Bee flower

The bee flower was my name for this plant that I adored when I was growing up – the pink and purple flower combination caught my fancy as did the way it always seemd to be covered in bees and bumble bees. And, as you can see from the photo, butterflies love it too.

An early monarch butterfly (or one that’s overwintered) feeds on my Echium candicans.

It’s actually called the Pride of Madeira, a grand name, and is a member of the huge echium family (yep, just like those little milkweeds we’re forever pulling out round here), Echium candicans (or Echium fastuosum).

My plants are descended from some seedlings I dug out from around my mother’s plants (including from the driveway gravel) – their lifecycle is a little bit different in that the first year from seed they grow only their leaves, flowering in the second year. They flower for two years, then the plants die off, having set seed and it all begins again. The leaves are silvery-grey and attractive in their own right.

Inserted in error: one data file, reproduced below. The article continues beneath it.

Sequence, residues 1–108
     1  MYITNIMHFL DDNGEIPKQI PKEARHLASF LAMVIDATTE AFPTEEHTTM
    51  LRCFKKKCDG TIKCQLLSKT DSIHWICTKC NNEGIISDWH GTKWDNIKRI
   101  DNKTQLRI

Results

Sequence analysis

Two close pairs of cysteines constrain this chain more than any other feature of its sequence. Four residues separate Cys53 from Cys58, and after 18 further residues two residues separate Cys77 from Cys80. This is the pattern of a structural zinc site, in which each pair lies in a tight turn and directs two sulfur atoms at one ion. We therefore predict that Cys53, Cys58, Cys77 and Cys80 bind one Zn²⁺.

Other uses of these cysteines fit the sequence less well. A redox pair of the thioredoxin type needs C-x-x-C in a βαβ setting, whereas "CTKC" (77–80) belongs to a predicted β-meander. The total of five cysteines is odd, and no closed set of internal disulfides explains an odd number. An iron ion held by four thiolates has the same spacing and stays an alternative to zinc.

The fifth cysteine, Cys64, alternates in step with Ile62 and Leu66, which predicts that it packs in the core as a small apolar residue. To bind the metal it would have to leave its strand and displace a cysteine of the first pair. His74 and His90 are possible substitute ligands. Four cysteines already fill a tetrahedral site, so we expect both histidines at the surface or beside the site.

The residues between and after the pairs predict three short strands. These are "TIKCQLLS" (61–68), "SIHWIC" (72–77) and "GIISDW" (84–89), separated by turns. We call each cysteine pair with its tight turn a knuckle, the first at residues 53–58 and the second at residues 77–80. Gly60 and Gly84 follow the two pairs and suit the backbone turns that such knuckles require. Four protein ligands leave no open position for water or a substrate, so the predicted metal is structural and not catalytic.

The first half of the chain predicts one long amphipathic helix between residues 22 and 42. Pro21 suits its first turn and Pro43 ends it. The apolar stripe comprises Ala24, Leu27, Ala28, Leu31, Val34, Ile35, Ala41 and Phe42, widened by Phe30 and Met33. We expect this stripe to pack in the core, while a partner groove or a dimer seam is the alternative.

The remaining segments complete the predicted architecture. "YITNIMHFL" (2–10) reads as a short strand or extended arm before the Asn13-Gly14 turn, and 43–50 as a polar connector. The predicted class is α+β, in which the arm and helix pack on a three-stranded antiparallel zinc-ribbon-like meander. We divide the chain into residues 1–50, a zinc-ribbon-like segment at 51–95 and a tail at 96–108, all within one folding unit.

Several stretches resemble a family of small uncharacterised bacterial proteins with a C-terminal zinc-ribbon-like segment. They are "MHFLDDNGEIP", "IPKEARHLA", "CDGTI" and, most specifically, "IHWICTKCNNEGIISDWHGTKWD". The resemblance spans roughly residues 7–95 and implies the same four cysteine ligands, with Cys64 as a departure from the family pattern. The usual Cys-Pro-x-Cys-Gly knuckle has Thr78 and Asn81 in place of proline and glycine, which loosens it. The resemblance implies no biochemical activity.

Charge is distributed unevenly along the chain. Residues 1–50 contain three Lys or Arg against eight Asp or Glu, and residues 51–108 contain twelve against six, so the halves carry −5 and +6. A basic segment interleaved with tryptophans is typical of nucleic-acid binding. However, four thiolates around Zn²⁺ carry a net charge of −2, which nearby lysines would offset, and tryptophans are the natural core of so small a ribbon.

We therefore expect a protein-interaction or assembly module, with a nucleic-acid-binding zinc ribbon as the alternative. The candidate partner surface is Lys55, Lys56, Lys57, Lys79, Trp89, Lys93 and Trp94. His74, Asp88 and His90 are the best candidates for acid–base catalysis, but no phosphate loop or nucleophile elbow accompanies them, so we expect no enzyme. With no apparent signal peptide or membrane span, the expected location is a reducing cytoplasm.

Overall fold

This plant is great for anywhere hot and dry, including coastal gardens, but you may need to watch that they don’t do a little too well (I weed out any excess seedlings). They are drought-tolerant, cold-hardy plants that don’t mind poor soil and part shade. The Vege Grower reckons ours grow to about 2m with the flowers on.

We have also had the very tall Echium pininana courtesy of a friend – a tall, single flower that soars off a tall, single stem and gets to some 3m.

Like most biennial and annual echiums I’ve come across they have hairy leaves and prickly stems so if you’re pulling out a spent plant it’s advisable to wear gloves.

Te Puna Quarry Park’s butterfly garden has the purpley-flowered plant and also one with a striking sky-blue flower.

The quarry’s park’s sky-blue echium (with Dendrobium speciosum orchids and bamboo behind).

As the common name suggests, the plants are native to the island of Madeira, a Portuguese archipeligo in the Atlantic Ocean, some 400km northeast of the Canary Islands.

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